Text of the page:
Who will win? We handicap the spellers
Updated: May 31, 2006, 6:38 PM ETBy Darren Rovell | ESPN.com
The National Spelling Bee has gone prime time, and we all know what that means: Sports books are now taking bets on particular letters in the championship word and whether the winner will be wearing glasses. Folks, this is not a joke anymore.With that in mind, here are my top eight picks in this year's competition, all of whom survived Wednesday's early rounds. 1. Samir Sudhir Patel, Colleyville, Texas: This kid is amazing. It's his fourth appearance in the event and, to put it simply, he has the best credentials. As a 9-year-old in 2004, he finished third; and last year, he tied for second. He's also the most entertaining speller I've ever seen. He'll say things like "I know that one," or "Thanks, mom!" His nerves of steel should get him through the pressure of being on in prime time. Here are a few additional bits of research to support Patel's bid: (1) Boys have taken the last six spelling bees after the girls won from 1996-1999; (2) Five of the past seven champions have been of Indian descent; (3) Texas has had more winning spellers (nine) than any other state. Spelling Bee officials clearly acknowledged Patel's marketability on Wednesday afternoon by halting Round 4 just before his turn came up, meaning he can lead the ESPN broadcast on Thursday. 2. Bonny Jain, Moline, Ill.: Jain might be the most brilliant child in America today. Last week, he won the National Geographic Geography Bee by identifying the mountain range that stretches across Wales from the Irish Sea to the Bristol Channel (the Cambrian Mountains). This is his third year in the National Spelling Bee, and we're confident that he's upset enough at his 28th place finish last year to make a run this time around.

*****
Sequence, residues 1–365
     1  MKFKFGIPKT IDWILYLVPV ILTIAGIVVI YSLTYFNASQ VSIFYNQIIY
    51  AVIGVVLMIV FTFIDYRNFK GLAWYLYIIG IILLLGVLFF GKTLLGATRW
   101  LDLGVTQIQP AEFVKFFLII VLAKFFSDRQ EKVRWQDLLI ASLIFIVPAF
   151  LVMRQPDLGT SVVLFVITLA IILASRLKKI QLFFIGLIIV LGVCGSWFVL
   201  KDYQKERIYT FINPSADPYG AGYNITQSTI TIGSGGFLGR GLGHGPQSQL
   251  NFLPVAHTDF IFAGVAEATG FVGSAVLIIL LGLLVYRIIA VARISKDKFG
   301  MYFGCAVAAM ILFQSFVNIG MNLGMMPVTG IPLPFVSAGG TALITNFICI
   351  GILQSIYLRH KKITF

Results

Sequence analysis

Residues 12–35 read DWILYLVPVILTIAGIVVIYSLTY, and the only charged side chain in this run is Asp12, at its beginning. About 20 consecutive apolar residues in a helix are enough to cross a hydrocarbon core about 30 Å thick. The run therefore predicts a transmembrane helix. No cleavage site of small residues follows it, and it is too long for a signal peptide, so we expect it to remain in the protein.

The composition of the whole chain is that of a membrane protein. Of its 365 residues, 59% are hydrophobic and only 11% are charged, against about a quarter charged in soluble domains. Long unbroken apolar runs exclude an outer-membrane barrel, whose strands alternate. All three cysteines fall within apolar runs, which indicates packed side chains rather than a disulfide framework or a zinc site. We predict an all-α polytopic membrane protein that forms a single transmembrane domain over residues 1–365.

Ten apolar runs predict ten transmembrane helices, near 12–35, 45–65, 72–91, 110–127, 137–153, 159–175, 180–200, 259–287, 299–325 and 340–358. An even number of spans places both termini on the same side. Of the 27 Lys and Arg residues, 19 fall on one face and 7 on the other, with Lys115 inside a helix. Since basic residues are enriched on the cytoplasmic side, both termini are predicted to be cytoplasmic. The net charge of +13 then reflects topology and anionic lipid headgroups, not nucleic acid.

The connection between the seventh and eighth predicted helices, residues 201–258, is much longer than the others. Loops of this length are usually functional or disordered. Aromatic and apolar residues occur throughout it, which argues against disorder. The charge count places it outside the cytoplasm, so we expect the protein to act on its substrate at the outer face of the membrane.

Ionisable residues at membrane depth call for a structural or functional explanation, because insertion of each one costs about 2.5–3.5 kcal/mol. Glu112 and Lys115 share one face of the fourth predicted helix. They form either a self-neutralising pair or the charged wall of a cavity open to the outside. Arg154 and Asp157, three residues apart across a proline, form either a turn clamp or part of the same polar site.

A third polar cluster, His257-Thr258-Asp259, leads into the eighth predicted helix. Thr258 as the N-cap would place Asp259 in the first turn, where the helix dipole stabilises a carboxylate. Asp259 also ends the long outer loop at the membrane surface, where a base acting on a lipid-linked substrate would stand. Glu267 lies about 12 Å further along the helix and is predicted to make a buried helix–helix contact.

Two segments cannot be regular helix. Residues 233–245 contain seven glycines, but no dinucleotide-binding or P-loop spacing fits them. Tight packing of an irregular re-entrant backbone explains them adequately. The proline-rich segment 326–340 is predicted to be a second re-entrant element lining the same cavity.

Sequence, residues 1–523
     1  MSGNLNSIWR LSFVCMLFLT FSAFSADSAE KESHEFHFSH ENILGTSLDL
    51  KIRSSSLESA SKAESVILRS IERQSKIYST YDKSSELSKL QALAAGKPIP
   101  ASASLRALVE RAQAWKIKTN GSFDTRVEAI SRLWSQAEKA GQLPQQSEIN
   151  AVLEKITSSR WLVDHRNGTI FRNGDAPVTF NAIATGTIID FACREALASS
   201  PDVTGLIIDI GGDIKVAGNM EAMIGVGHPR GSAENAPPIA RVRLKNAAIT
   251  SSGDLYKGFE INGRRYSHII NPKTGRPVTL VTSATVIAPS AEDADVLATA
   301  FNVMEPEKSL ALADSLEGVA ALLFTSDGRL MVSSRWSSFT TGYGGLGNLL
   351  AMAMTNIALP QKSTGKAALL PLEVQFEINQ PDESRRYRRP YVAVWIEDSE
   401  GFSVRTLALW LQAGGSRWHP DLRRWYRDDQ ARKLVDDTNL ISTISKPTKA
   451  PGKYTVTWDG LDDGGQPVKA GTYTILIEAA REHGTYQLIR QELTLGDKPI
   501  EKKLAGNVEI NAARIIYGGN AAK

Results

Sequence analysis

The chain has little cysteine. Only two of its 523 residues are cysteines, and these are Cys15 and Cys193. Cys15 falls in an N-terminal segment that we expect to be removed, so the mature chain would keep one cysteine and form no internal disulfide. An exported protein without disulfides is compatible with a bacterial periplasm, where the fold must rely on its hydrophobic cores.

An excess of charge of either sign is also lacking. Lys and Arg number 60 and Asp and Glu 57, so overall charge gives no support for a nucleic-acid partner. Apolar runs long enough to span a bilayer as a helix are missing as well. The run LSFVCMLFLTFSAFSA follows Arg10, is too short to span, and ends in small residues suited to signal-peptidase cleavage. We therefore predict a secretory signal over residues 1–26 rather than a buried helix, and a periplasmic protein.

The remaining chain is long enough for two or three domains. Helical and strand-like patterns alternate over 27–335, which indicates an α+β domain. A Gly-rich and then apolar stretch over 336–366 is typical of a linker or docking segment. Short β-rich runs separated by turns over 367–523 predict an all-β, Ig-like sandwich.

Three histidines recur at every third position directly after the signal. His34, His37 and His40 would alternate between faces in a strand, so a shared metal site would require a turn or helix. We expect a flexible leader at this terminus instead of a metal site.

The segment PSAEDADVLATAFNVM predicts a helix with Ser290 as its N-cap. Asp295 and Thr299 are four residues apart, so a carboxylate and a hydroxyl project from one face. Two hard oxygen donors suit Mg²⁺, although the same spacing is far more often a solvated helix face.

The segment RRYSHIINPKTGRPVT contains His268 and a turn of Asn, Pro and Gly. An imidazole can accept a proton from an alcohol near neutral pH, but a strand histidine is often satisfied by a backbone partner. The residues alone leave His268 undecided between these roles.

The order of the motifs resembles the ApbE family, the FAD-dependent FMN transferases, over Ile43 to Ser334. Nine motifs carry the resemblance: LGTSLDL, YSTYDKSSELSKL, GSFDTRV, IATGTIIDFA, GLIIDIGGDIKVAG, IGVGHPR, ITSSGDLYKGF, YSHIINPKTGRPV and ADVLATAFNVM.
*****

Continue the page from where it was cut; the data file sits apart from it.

Think it's easy to stand up in front of millions of prime-time viewers and spell 'c-a-t'? Well, maybe. But how 'bout 'e-u-o-n-y-m'? Check out ESPN.com's look at this year's competition.
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